A short introduction to writing EOATeX

The core of our publishing strategy is a canonical format with a restricted number of LaTeX commands covering all the necessary features of scientific texts. To fulfill these requirements, it is imperative that certain basic rules are followed so that the authors' texts can easily be converted into the various publishing formats: HTML, epub for ebook readers, and PDF for the free download of texts.

Prerequisites & Typesetting

In general, the implemented procedure is independent of any computer platform, editor and program. The only prerequisite is that the authors dispose of a basic LaTeX environment, as is available for all commonly used operating systems. We use XeLaTeX (which is part of the standard distribution of TeX) instead of pdflatex or latex. This enables us to type Unicode (UTF-8) and avoid the coding of non-ASCII-characters. This applies in particular to non-Latin scripts such as Classical Greek or Chinese. Furthermore, we use BibLaTeX and Biber instead of BibTeX. This enables us to accurately typeset bibliographies that include non-Latin scripts.

Please note: This procedure requires the configuration of most editors (such as TeXShop, TeXWorks, BibDesk and JabRef). In general, you must use the command xelatex rather than pdflatex or latex. In addition, the command biber has to be used instead of bibtex. Typesetting the publication therefore requires the following commands:

  1. xelatex Main_TeX_File
  2. biber Main_TeX_File
  3. xelatex Main_TeX_File

The command makeindex is not used. The index is generated using the package 'imakeidx' which is included in the preamble.

The current distribution of TeX (2013) is used for the time being. For Mac and Windows users, this is combined with a convenient working environment that runs on Mac systems OS X 10.6 or higher, or Windows Vista and later.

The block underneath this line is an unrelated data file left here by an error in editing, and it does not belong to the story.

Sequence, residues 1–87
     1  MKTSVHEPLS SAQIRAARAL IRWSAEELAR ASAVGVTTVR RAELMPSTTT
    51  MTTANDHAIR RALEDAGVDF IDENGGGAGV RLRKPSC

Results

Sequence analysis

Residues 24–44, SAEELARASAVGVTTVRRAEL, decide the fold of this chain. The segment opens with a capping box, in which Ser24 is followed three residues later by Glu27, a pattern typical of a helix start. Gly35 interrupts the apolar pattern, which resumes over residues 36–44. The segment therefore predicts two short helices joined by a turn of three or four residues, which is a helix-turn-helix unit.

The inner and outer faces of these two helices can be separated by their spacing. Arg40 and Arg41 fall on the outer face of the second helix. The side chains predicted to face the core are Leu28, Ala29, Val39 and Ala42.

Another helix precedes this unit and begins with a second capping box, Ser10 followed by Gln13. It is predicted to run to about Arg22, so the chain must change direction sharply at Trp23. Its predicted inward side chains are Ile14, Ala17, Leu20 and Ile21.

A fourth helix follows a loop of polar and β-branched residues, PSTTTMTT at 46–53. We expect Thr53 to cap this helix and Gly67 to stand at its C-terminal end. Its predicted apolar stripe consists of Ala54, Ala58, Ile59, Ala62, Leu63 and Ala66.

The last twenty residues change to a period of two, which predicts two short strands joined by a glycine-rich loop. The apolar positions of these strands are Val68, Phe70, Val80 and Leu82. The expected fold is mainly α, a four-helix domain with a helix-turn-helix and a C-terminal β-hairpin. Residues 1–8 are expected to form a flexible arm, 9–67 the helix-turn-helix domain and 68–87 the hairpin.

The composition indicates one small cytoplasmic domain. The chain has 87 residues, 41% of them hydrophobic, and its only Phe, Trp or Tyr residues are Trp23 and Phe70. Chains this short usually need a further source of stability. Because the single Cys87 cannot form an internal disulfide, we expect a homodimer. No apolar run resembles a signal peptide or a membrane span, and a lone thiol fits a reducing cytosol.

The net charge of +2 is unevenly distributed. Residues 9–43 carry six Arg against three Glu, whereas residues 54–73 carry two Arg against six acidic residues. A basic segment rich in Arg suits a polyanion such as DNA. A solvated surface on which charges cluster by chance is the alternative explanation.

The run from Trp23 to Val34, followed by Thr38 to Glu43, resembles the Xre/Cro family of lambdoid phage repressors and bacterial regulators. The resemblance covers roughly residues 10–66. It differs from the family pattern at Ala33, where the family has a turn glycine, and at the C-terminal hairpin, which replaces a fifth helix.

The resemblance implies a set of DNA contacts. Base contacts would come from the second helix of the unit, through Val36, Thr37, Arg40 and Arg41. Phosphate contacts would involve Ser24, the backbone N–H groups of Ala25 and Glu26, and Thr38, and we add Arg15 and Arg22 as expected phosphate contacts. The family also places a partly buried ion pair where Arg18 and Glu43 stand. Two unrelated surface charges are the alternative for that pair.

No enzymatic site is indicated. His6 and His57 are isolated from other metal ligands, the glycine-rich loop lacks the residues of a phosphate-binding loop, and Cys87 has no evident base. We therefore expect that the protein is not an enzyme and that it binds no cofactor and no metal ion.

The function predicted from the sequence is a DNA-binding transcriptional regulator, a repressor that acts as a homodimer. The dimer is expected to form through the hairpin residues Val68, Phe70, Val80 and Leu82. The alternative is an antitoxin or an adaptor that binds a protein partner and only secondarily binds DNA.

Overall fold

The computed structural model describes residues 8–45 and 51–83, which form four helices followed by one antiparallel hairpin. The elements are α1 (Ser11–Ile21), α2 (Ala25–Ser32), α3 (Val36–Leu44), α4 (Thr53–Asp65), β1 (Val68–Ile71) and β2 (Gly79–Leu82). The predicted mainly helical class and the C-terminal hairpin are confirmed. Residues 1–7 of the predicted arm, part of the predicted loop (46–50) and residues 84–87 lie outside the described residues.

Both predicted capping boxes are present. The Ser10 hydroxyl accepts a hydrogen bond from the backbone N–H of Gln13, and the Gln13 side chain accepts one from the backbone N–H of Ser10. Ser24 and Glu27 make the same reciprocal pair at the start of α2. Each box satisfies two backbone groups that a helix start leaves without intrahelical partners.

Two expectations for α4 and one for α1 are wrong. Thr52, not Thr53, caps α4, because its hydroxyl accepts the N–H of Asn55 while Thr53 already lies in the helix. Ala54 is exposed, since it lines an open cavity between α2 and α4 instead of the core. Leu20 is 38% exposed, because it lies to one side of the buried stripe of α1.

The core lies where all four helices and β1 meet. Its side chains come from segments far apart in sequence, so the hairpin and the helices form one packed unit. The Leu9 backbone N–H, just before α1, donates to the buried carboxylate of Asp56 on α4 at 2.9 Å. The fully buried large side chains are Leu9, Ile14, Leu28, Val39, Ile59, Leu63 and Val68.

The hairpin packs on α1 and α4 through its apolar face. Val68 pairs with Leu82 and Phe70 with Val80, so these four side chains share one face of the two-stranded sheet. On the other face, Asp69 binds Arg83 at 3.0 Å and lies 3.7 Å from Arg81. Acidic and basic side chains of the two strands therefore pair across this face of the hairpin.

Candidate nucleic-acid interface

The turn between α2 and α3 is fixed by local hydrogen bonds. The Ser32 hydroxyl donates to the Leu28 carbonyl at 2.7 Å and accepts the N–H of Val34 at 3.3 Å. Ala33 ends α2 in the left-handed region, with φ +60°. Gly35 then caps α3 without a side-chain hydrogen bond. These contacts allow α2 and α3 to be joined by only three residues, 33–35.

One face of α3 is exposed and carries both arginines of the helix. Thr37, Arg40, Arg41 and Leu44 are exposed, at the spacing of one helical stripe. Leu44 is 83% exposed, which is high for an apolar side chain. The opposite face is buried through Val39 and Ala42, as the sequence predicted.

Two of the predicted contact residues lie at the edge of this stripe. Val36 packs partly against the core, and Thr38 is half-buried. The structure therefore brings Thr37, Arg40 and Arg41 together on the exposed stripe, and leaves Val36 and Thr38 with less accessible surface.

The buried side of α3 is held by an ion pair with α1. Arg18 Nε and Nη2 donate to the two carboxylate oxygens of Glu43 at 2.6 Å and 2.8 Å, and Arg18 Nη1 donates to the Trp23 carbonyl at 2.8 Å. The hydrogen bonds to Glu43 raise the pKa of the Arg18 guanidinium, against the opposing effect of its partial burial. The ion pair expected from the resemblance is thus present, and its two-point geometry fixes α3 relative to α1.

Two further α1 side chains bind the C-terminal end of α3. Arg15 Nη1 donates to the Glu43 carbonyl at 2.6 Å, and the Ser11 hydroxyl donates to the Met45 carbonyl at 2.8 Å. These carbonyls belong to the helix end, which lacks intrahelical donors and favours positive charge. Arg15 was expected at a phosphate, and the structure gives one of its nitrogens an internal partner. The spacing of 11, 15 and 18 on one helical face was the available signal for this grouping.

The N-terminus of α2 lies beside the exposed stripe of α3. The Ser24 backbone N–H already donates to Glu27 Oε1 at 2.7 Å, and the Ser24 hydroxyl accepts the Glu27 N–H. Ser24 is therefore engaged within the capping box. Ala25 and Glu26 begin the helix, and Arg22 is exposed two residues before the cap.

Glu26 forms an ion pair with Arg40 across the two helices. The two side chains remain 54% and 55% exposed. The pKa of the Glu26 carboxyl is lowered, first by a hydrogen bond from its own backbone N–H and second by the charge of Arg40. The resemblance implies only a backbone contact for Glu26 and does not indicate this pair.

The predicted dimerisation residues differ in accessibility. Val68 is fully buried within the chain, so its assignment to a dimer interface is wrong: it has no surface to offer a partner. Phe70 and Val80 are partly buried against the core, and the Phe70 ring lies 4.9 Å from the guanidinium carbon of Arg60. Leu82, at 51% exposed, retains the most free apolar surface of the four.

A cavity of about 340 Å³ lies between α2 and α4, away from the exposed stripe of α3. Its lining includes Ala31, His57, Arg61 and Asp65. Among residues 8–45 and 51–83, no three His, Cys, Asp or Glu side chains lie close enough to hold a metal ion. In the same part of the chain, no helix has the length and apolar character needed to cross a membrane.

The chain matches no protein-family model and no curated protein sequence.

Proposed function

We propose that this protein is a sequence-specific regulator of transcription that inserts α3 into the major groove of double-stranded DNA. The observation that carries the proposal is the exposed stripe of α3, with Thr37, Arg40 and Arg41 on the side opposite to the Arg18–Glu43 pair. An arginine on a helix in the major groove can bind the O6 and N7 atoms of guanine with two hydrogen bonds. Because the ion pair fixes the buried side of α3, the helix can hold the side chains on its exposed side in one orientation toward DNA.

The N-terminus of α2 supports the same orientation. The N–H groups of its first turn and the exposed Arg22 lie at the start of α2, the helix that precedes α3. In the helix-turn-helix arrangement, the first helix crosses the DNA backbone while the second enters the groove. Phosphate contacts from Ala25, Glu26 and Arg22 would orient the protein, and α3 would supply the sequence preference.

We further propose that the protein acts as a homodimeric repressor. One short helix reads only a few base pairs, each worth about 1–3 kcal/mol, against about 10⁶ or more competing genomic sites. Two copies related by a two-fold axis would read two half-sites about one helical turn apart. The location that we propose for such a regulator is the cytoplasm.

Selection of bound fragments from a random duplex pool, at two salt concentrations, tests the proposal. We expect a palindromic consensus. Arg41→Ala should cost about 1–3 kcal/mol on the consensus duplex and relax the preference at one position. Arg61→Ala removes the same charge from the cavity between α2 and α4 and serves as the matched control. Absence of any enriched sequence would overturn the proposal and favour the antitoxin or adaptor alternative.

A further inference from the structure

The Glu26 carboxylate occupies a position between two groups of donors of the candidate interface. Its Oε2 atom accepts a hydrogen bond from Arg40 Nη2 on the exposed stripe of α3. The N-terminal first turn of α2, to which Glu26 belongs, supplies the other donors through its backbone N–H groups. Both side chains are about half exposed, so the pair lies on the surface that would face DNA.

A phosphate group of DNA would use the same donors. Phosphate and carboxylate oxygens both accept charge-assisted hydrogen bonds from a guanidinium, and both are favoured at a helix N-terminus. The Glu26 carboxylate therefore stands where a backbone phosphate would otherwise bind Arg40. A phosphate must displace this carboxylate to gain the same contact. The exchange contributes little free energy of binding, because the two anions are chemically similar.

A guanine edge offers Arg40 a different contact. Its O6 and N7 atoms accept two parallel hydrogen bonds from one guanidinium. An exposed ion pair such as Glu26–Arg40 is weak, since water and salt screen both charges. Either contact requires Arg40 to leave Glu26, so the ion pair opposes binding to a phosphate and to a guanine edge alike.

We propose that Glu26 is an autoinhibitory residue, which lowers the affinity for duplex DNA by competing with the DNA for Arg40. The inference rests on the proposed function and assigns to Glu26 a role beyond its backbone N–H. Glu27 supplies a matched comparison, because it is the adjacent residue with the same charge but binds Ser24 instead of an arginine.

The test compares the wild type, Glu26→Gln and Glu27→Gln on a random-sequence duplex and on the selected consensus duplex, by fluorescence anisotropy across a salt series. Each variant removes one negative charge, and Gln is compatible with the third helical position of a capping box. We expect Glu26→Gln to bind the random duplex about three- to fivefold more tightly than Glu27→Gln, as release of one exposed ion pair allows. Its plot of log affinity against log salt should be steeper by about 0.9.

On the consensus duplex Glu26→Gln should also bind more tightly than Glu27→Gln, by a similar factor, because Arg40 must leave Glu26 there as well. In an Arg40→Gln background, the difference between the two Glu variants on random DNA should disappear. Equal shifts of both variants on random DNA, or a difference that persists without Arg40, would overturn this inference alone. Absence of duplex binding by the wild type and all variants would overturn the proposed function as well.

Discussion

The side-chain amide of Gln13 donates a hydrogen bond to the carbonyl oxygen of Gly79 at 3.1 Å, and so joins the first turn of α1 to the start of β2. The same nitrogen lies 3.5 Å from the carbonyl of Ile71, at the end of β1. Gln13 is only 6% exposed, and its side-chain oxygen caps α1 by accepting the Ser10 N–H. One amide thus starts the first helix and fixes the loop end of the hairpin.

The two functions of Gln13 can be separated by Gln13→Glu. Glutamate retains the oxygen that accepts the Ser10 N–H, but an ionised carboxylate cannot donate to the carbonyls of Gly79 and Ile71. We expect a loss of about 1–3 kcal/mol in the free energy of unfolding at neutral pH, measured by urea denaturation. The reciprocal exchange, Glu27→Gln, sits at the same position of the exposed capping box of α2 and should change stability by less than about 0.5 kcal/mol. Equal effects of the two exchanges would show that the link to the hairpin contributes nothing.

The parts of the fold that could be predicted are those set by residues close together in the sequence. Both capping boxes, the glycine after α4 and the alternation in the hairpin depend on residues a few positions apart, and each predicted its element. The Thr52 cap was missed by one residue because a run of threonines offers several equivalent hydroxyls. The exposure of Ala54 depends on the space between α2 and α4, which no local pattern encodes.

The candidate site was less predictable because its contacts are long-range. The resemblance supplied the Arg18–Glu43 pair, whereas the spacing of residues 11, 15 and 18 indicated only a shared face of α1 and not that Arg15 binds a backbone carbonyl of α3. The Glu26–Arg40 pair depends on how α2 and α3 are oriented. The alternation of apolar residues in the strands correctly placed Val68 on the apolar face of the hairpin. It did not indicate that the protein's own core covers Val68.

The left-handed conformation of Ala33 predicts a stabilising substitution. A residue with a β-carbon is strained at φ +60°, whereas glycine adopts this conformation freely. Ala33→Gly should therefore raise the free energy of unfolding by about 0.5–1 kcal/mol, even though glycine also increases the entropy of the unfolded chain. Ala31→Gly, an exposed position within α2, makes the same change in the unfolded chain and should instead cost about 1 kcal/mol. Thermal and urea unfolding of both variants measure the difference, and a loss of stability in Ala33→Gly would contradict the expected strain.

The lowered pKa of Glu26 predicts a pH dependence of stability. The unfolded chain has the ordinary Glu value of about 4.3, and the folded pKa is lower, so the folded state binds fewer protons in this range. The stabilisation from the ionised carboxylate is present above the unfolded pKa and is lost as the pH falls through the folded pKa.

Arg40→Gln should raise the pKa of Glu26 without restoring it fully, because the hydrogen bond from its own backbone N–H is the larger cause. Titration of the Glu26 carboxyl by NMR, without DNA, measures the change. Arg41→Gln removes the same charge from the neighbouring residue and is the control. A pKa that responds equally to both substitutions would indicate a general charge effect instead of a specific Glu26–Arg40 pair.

Setting up a project

All TeX files (including BibTeX files) should be placed in one single folder. Illustrations and graphics are best stored jointly in a subfolder labeled 'Images.' If illustrations and graphics are placed in a subfolder, the path has to be made explicit in the TeX file:

\EOAfigure{Images/Figure_1.png}{Caption}{Label}{99}{ht}

File and directory names must begin with a letter and not include blanks, umlauts or other special characters (except hyphens and underscores).

The character encoding of the LaTeX file should always be UTF-8. Line breaks should be simple line feeds (LF) as is customary in Unix. This may necessitate a change in the standard settings of the editor.

The cited literature must be entered into a bibliographic database (e.g. BibDesk).

Each project consists of at least three files:

  1. The pre_eoa.tex file contains the preferences, macros and packages defined for the purpose of the project and the text file. Generally, the preamble does not need to be changed by the authors. Individual requirements should be discussed with the Development Team.

  2. The biblio.bib file exported from the bibliographic database.

  3. The main file containing the text written by the author. In the case of edited books, this file may be divided into individual chapters. In order to generate a complete table of contents, the chapter titles and the names of the authors should be kept in the main file. The chapter files are inserted into the main file with the \input{…} command.

Each main file begins with the commands

\include{pre_eoa}
\EOAbibliographytype{monograph}
\EOAbibliographydatabase{biblio}
\EOAseries{Proceedings}
\begin{document}

The purpose of the first line is to embed the macros and commands that are defined in the preamble. The command \EOAbibliographytype in the second line defines what kind of bibliography is being created. Use {monograph} for one large bibliography at the end of the publication or {anthology} for one bibliography at the end of each chapter. The command \EOAseries may contain one keyword (Studies, Sources, Proceedings or Textbooks). It defines the dimensions of the book and may alter various options. The command \EOAbibliographydatabase refers to the file containing the bibliographic database. In the example above, the command refers to the file biblio.bib.

The main text ends with the command

\end{document}

Rules for authors

Please note that self-defined LaTeX-Macros are not supported. The special LaTeX commands defined for this system ensure maximum consistency and convertibility. Without this restriction, it would be impossible to convert the publications into ePub and HTML. The list of authorized commands is available in a separate document.